Stacking gains popularity
A primary school's newest sport is stacking up to be a hit.
Anchorage Park School introduced the sport of speed stacking to its pupils in July and the students have taken to it with zeal.
The school has a roll of 142 students and more than 40 have taken up speed stacking.
The two teachers who co-ordinate the activity, Trish Smith and Karen Bell, say it's outstanding considering they have only been running the sport for one full term.
It was principal Lynne Keohane who brought stacking to the teachers' attention and they were a bit hesitant at first.
"We had to Google it because really who knows what speed stacking is or that it is a sport, but it is - there is even national team," Mrs Smith says.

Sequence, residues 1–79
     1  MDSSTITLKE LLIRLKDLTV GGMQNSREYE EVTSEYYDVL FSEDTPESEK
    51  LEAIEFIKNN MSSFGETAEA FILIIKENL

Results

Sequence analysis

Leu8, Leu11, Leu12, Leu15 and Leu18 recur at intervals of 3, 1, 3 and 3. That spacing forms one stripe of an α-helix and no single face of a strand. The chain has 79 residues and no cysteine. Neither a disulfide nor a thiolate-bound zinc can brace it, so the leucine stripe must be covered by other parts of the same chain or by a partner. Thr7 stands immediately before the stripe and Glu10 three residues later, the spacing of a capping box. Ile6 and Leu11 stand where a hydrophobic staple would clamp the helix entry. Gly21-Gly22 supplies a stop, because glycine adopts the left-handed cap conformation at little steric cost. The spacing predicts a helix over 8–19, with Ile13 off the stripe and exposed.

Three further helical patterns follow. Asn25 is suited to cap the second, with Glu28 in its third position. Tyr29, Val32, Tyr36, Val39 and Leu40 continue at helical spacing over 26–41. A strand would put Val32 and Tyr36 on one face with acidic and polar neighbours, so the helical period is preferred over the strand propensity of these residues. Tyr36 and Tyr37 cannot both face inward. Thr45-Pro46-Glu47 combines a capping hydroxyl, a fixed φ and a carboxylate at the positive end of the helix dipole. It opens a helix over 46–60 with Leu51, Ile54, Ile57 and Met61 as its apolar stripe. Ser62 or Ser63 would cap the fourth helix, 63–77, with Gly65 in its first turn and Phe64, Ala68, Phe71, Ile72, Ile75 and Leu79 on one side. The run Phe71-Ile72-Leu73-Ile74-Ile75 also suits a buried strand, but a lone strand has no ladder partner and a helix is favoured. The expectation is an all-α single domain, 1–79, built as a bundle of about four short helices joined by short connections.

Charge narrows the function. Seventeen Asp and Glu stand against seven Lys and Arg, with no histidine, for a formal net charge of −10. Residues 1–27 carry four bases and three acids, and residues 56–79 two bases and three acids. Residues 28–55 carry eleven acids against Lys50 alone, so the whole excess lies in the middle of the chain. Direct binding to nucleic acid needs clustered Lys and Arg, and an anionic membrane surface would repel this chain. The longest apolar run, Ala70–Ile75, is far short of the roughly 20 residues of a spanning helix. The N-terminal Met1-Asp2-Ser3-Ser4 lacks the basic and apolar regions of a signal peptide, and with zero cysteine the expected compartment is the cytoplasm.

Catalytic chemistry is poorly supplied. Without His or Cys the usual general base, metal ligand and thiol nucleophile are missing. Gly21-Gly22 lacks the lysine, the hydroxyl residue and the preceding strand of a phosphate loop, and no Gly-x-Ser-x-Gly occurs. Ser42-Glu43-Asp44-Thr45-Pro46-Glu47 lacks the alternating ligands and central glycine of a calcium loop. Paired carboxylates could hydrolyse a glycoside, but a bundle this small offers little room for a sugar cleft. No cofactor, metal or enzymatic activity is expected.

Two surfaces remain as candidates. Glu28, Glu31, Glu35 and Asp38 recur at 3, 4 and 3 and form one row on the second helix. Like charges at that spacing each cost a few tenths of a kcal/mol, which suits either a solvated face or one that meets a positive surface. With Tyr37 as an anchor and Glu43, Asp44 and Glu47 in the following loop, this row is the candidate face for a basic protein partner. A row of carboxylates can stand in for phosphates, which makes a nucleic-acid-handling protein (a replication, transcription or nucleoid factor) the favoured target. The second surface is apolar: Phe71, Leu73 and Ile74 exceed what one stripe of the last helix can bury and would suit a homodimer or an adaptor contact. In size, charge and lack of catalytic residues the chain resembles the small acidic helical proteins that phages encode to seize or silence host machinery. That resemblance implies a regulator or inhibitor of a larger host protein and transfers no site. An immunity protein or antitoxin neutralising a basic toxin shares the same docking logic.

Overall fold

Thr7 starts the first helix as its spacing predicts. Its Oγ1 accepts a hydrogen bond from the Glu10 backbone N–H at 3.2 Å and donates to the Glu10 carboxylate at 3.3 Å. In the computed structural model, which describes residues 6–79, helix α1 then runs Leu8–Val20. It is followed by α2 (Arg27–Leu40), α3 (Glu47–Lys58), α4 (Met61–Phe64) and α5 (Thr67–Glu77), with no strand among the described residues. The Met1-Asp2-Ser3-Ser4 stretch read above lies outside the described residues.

The national speed stacking team Black Stacks was selected this year to compete in the 2013 World Sport Stacking Championships in the United States.
The students at Anchorage Park are not quite up to national speed but Mrs Smith says they have been making huge gains on their original times.
"We had some kids in our group who really struggled, they were taking upwards of 15 seconds to just stack a six-stack and now they have got it down pat."
The sport improves hand-eye co-ordination, right and left brain activation and self-esteem.
"You don't have to be particularly athletic to do it so it levels the playing field for kids who aren't so good at traditional sports."
Ten-year-old Caitlyn Moodley hopes the intermediate she will attend next year has speed stacking so she can keep playing.
"It is interesting for us to learn to do all these things that are a bit different and are challenging but a lot of fun," she says. "First it was just something new but now I know the strategy and want to keep getting better times."